Neversong (Chris): Charming and eerie, Neversong is a stunning indie title that plays with emotions like a fine-tuned instrument. Developed by Atmosgames with a partnership by Serenity Forge, Neversong is a 2D adventure game. The story follows a young boy named Peet and his attempt to rescue his girlfriend Wren. Peet awakens from a coma in his hometown of Redwind Village, with trouble remembering his past. As Peet starts his journey, he discovering that all the adults have gone missing and a dark presence has taken over the area.
Neversong has a narrative that is told as a first-person fable. At the start of the game, the levels feel innocent and quirky. There are plucky children roaming a mostly empty village, naive he unusual situation. However, it isn’t long until Peet encounters increasingly unsettling things. Strange spider creatures, mutated humanoid bugs, and a man named Dr. Smile, who taunts Peet with the kidnapped Wren. This all plays well on Peet’s dreamlike position. The imaginative setting and characters interpret a compelling message.
The gameplay is heavily inspired by titles like Legend of Zelda and Castlevania. Peet can jump across platforms, swing from ropes, and crawl into tight spaces. He is given a baseball bat as a weapon to fight enemies and it is also used to smack open objects. Combat is light and simple. Enemies easily telegraph their attacks and Peet is pretty nimble to bouncy dodge. There are additional items and upgrades that give Peet more abilities and access to new areas to explore. Later parts of the game use the newer abilities for boss fights and incorporate the mechanics pretty well.
Neversong isn’t a very complex game, but its atmosphere packs a strong punch. The visuals and sounds capture a whimsical fantasy, that all blend well with the mature themes. The game is on the short side but is well-paced to the experience. The game introduces a good mix of puzzles, with little handholding. But some issues stem from unclear objectives or mildly frustrating physics troubles. Overall, Neversong is a very condensed adventure game but leaves a great impression on the brief experience. Neversong is available for Steam, Apple Arcade, and coming to consoles soon.
Tetris Effect (Zach): One of the most acclaimed games of 2018, Tetris Effect has finally arrived on Oculus Quest, bringing the visual extravaganza to the most portable VR platform out there. Developed by Enhance and officially licensed by The Tetris Company, Tetris Effect features the classic Tetris gameplay you’ve come to expect over the last three decades or so since the OG version came out in the 80s but it’s now backed by an incredible combination of visual and audio that is unlike any other version of the game. Playing the main mode, Journey, you progress through different areas, each one with a drastically different look and feel. There are extremely chill ones like “Deep Sea” to frantically paced ones like “Ritual Passion”. Your main goal is to achieve 36 lines on each area and then progress to the next area and eventually clear all the areas to finish the level. The layout of the Tetris field remains between areas, so if you just barely survive one area, you are probably not going to last long in the next one. If you fail, you can restart the current area, but you’ll lose all the combo and score you built up from the previous levels, which will affect your grade for the overall level and also the experience you gain that will let you level up and unlock more modes and bonuses.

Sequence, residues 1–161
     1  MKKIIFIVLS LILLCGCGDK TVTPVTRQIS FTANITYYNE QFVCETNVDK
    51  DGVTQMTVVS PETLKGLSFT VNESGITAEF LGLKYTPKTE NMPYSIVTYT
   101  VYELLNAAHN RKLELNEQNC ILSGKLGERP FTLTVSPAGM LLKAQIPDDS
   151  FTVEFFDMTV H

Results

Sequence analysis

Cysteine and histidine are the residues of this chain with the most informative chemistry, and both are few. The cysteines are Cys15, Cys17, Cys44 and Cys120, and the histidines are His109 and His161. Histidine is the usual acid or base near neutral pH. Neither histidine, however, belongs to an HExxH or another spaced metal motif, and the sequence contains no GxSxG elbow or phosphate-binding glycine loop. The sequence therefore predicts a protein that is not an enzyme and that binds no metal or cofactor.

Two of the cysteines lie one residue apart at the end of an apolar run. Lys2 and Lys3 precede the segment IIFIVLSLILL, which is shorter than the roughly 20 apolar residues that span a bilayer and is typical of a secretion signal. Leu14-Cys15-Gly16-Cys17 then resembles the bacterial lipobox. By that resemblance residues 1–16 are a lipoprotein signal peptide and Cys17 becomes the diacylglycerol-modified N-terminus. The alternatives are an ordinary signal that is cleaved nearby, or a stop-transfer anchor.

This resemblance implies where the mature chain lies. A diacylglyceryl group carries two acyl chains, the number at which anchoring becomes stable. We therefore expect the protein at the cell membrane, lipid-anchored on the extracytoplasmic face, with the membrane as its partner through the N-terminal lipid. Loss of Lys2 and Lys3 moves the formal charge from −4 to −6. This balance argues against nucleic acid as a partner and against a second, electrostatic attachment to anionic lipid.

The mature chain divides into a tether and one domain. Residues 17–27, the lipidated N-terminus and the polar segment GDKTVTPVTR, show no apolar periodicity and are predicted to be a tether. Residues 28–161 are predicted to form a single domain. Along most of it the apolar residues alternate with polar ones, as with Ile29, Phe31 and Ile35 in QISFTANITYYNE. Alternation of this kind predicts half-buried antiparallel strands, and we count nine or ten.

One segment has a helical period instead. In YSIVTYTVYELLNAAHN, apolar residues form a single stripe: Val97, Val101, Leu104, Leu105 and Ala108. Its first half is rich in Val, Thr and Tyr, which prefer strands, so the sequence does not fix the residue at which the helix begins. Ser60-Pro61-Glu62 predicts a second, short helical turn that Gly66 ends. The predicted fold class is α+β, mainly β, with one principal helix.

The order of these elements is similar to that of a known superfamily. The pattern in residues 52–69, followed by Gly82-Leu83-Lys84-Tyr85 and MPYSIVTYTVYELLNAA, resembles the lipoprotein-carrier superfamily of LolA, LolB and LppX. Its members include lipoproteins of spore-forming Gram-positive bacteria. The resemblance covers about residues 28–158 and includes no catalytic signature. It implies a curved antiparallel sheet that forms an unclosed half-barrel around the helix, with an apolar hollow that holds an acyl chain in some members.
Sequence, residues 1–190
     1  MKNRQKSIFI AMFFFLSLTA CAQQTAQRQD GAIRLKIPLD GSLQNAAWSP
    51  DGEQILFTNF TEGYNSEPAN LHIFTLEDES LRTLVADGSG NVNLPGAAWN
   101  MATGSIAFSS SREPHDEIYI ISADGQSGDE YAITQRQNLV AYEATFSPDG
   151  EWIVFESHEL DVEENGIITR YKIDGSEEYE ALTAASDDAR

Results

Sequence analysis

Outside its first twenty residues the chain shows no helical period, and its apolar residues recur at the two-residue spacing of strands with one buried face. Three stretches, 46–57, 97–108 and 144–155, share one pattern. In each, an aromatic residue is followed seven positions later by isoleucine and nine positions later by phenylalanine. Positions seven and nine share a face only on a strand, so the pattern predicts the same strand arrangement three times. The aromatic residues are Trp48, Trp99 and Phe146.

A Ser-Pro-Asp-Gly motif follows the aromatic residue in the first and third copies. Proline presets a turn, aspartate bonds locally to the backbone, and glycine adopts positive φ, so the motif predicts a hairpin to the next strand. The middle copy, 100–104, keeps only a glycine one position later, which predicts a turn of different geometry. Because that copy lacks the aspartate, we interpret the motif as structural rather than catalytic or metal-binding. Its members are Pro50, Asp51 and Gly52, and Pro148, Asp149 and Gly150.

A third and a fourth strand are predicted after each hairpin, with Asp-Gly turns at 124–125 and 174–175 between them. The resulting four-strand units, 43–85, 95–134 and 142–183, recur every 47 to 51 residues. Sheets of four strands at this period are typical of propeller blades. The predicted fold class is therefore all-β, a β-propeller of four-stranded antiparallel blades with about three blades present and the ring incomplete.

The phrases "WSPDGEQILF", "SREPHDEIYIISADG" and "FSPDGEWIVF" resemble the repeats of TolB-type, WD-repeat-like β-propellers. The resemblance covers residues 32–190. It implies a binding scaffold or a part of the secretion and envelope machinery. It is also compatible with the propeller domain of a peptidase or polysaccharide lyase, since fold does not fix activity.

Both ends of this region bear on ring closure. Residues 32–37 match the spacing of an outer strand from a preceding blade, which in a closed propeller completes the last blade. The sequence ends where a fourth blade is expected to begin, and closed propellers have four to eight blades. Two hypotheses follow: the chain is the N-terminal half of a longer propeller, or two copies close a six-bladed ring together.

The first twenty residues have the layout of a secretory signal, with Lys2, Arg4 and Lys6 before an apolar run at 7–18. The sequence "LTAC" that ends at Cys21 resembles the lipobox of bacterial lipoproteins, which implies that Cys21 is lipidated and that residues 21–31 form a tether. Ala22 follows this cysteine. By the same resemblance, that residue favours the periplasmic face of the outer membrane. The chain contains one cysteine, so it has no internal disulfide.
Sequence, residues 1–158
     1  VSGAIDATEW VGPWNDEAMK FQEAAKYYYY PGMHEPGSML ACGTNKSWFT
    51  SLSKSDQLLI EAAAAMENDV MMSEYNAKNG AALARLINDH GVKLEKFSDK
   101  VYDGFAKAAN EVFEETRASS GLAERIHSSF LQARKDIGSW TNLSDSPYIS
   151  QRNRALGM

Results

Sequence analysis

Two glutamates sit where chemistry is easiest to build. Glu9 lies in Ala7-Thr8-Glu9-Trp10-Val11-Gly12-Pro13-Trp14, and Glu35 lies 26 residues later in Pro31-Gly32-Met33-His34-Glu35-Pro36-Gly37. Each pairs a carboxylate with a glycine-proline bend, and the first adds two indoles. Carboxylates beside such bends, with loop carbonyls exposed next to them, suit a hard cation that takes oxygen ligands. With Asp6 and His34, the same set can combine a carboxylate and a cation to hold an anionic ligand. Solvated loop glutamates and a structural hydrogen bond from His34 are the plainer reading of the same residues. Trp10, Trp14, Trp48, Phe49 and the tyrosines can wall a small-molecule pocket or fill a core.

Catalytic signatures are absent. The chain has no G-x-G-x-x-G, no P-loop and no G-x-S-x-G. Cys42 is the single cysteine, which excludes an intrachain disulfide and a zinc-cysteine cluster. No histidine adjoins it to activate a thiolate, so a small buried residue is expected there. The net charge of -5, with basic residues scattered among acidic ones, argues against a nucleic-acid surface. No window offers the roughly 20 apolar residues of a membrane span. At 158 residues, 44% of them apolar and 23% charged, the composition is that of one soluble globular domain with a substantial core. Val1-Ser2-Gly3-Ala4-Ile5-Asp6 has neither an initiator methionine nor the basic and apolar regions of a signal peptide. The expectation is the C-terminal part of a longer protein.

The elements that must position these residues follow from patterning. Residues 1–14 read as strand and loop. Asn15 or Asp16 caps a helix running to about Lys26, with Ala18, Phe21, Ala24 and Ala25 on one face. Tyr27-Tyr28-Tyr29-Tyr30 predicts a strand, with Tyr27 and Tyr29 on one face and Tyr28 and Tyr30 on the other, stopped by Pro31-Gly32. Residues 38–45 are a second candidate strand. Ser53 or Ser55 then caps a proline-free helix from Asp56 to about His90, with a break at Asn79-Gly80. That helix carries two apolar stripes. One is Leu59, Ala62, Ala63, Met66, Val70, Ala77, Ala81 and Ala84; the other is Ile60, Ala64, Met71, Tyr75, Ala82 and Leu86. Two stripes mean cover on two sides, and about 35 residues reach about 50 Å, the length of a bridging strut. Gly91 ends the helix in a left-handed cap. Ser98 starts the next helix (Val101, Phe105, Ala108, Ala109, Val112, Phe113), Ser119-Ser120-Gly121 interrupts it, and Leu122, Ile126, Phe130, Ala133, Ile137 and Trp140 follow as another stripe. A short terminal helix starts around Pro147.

Every move and action you do in Tetris Effect contributes to the audio/visual presentation and as you progress in each area, the music and effects become more and more elaborate. It can be a little overwhelming at times and could cause you to screw up a piece placement but unless you’re obsessed with getting the best score, this version of Tetris is all about enjoying the ride and letting the audio and visuals wash over you. In VR, the effects are even more immersive and surround you as you play. In the aforementioned “Deep Ocean”, you’ll start to see celestial stingrays and whales start to swim around you as the song playing during the level starts to fill in. Besides the main Journey mode, you can replay any area you’ve beaten and there are also Effect Modes, which lets you experience a specific mood as you play, like relaxed or adventurous. Tetris Effect doesn’t do anything to change the eternally classic Tetris gameplay and if you’re some kind of lunatic who doesn’t like Tetris, this probably won’t convert you but if you love Tetris and want to experience it as you’ve never experienced it before, Tetris Effect is definitely something to seek out, especially if you are lucky enough to have a VR headset. Tetris Effect is out now on Oculus Quest, PS4, PSVR, HTC Vive, and Oculus Rift.
Bitten by a radioactive video store rental employee and overcome by Pac-Man fever, Chris seeks new comic books, games, and movies to review.